The most populous nation in the world, China, since the past two and a half decades, has also been running one of the strictest public programme for population control. China’s infamous “one-child” policy—under which couples with more than one child were heavily taxed—has been extremely effective, cutting the population growth rate by half since 1979. But the policy’s time has been up for some time now. China’s 930-million strong labour force shrank for the first time in 2012, and by 2025, it will be losing 10 million a year. For a country that has reaped the benefits of being the world’s largest human resource reserve for decades, it could translate into a precipitous decline in productivity. Though China had begun rolling back the “one-child” policy—in 2013, it allowed urban, Han Chinese families in which either of the parent was an only child to have a second child—it is only now that it has indicated that it is ready to shift to a “two-child” policy, as per a report in Quartz. Rural, non-Han families or those in which both parents were only children were already allowed to have a second child. However, since 2013, only 1.45 million couples of the 11 million eligible have opted for a second child.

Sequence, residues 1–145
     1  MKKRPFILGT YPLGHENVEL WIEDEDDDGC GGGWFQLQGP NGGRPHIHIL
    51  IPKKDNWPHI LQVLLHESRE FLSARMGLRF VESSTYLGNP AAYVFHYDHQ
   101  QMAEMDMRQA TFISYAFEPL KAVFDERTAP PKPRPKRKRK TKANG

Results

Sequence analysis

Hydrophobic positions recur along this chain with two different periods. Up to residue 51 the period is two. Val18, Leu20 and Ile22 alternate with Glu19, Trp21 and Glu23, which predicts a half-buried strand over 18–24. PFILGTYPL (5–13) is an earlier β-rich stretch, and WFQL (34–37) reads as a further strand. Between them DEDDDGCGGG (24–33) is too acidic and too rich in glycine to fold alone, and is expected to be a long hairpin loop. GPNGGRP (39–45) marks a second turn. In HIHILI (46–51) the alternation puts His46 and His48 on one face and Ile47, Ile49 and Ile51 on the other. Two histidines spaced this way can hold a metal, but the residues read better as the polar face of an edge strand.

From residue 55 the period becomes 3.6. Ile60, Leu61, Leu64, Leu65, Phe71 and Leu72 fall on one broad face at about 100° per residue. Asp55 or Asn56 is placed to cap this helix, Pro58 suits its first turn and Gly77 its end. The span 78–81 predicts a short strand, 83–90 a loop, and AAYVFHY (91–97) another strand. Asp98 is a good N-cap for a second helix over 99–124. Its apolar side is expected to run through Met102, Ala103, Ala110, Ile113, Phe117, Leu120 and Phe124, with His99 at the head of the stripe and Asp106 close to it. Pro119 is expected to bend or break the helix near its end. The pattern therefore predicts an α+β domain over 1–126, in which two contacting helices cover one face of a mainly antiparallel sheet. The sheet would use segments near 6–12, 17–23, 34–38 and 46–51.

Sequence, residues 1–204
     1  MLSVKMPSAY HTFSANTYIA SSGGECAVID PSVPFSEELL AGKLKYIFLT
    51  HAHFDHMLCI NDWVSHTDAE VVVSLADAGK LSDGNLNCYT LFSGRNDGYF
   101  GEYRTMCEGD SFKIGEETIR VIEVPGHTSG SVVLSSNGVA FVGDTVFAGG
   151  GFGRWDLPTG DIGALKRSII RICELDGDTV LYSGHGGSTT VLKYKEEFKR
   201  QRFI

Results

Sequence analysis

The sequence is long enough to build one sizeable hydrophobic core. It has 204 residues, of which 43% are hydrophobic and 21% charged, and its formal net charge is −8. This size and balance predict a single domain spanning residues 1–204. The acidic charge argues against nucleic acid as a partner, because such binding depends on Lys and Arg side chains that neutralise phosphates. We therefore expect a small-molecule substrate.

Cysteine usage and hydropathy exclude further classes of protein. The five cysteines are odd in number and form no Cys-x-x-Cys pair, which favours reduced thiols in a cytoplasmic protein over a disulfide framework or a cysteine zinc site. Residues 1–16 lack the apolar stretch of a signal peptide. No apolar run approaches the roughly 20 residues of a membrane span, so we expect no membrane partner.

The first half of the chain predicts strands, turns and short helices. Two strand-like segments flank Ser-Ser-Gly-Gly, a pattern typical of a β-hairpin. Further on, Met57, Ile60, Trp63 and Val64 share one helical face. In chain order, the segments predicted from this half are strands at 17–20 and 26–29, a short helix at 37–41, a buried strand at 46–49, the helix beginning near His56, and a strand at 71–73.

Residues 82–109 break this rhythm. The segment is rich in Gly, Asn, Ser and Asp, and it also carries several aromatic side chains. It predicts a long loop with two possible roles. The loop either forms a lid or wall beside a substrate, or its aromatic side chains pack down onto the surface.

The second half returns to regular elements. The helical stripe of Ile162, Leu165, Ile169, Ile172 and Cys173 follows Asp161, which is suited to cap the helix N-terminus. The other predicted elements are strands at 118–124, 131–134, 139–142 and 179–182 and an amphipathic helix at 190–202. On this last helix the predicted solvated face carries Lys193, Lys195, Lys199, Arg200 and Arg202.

Apart from being a relief for citizens, who would have had to push back retirement to stem the decline in the workforce or work longer hours, a two-child policy could also mean a consumption boost for the country, which is keen on “rebalancing”—moving away from exports-led growth to domestic consumption-led growth. It would also help improve the gender gap in the country—China’s son-preference, along with the one-child policy, had resulted in high incidence of female foeticide.